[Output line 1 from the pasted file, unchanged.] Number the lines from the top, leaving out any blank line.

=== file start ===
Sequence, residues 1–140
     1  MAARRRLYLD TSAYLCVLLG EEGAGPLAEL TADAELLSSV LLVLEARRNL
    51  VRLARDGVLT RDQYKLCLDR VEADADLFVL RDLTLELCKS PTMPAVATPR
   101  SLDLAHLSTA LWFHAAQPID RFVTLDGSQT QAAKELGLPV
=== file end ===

Sequence, residues 1–140